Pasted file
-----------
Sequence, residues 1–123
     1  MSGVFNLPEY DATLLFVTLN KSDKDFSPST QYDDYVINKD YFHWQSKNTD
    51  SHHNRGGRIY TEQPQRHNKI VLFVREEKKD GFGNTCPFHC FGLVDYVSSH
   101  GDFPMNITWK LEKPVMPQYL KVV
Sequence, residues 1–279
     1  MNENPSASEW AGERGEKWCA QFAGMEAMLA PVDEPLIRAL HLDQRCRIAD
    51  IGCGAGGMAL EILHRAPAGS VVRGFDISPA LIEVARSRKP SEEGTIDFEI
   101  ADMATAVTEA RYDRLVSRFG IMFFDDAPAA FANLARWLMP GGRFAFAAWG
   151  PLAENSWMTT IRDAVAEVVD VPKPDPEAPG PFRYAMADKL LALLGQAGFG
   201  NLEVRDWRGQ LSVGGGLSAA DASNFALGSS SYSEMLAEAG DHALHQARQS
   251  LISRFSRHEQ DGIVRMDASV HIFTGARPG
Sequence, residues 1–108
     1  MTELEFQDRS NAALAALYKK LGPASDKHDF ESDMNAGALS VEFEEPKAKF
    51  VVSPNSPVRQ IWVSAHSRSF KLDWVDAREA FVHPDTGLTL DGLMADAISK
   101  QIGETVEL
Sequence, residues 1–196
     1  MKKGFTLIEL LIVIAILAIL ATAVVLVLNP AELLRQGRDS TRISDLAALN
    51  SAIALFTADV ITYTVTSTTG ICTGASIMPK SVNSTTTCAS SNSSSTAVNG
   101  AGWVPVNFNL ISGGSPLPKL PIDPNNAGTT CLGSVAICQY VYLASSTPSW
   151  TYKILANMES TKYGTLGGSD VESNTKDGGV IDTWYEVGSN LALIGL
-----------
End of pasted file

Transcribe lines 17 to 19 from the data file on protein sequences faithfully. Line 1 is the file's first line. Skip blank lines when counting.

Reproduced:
     1  MKKGFTLIEL LIVIAILAIL ATAVVLVLNP AELLRQGRDS TRISDLAALN
    51  SAIALFTADV ITYTVTSTTG ICTGASIMPK SVNSTTTCAS SNSSSTAVNG
   101  AGWVPVNFNL ISGGSPLPKL PIDPNNAGTT CLGSVAICQY VYLASSTPSW